While the Mollies’ conduct is widely documented, the origin of their name remains a mystery. Stories range from an evicted old widow named Molly Maguire to the practice of mummery, with men dressed in costume or disguised as women. Regardless, this agrarian practice pervaded west Donegal, with Mollies intimidating those who evicted tenants, mistreated the elderly, or overcharged the poor. The Mollies’ presence paralleled Donegal’s transition from communal farms to squared agriculture. The “squaring” of farms particularly transformed the countryside, forcing families to fend for themselves in a region often grappling with poverty, oppression, hunger, disease, and death.
But Donegal’s struggles persisted regardless of the Famine. The county, especially in the west, escaped the worst of the potato blight and ended up having the ninth lowest mortality rate in Ireland. Mac Suibhne explains that the impoverished class, accustomed to weather-related crop failures and support from relief agencies, were better prepared when the Famine peaked and food prices soared in the late 1840s. When the Famine ended, Molly Maguire activity slowly declined in west Donegal. Mac Suibhne recounts that following the hunger, “tensions emerged in the Molly Maguires when one element sought to curtail such activity, while another sought, unsuccessfully, to expand it.”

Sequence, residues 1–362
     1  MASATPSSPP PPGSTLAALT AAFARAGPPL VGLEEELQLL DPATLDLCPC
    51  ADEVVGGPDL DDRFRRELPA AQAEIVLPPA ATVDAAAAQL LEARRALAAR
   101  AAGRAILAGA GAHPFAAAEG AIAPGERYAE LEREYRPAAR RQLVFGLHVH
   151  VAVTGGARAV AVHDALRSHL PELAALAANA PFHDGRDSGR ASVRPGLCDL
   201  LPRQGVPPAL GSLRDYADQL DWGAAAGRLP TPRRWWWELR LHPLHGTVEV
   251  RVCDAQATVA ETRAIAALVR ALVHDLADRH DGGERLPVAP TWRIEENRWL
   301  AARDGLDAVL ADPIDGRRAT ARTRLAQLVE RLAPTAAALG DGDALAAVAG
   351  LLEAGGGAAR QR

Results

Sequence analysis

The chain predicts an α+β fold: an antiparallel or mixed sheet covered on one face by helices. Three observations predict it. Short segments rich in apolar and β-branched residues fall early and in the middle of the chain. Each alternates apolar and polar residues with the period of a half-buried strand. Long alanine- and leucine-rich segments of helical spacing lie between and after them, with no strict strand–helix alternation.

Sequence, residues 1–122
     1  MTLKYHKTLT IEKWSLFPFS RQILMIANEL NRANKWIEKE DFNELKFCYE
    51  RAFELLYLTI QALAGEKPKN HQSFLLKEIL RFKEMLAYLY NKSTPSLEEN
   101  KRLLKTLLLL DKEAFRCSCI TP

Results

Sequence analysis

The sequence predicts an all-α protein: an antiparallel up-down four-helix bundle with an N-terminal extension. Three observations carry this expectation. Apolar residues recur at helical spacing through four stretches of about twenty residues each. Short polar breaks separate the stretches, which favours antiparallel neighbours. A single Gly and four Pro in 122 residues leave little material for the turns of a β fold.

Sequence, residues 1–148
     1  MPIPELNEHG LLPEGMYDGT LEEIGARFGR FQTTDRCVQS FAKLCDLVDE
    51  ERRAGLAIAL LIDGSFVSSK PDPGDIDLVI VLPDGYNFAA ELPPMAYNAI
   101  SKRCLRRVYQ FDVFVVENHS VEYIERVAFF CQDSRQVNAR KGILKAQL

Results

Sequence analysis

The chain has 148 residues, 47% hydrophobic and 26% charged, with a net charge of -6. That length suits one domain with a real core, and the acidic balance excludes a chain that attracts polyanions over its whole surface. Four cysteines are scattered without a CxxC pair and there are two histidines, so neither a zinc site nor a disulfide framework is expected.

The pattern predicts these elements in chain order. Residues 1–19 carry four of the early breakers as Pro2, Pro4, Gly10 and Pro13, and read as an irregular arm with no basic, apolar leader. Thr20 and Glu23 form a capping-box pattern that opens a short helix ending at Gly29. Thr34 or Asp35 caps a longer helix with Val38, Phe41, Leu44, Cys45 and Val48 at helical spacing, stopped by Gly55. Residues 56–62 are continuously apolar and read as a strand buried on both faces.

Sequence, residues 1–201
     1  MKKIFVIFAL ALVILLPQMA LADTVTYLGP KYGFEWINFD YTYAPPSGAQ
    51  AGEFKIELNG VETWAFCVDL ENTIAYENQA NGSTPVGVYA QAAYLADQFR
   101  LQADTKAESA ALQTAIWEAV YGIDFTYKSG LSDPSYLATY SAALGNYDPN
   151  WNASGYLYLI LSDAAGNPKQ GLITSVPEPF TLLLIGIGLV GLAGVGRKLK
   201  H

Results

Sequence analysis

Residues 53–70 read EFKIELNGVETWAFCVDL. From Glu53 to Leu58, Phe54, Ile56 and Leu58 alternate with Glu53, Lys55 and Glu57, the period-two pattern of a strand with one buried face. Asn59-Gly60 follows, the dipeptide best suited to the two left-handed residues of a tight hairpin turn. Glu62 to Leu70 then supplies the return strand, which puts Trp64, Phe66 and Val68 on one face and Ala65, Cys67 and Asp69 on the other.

But the Mollies remained active in Beagh, where they targeted James Gallagher, the townland’s largest landowner. After centuries of oppressive serfdom under the Protestant gentry, the Irish believed possessing land was sacrosanct. The fact that Gallagher acquired land under dishonorable circumstances enraged the Mollies. Among Gallagher’s targets were neighbors who gave up land for passage to America, partial forgiveness of debts, and much needed whiskey. When Gallagher set to evict subtenant families on his new properties, the Mollies responded to this injustice with a threat. In 1856, the Mollies raided Gallagher’s house, leaving a letter warning “your royal highness” to “relinquish your idea of dispossessing people.” Aware that Gallagher’s father was in the poorhouse, the letter also advised Beagh’s preeminent landowner to be a better son.
Donegal was experiencing social and cultural change in the 1850s, as the county’s isolation failed to insulate its people from a global industrial age. Perhaps this contributed to the Mollies’ weakening grip on the countryside. When Gallagher ignored their threatening letter, the Mollies resolved to assault the landowner and his wife. The prospect of murder terrified Patrick McGlynn, a schoolteacher who authored the letter. McGlynn turned informer to protect himself, with his betrayal resulting in the arrest of two dozen alleged Mollies.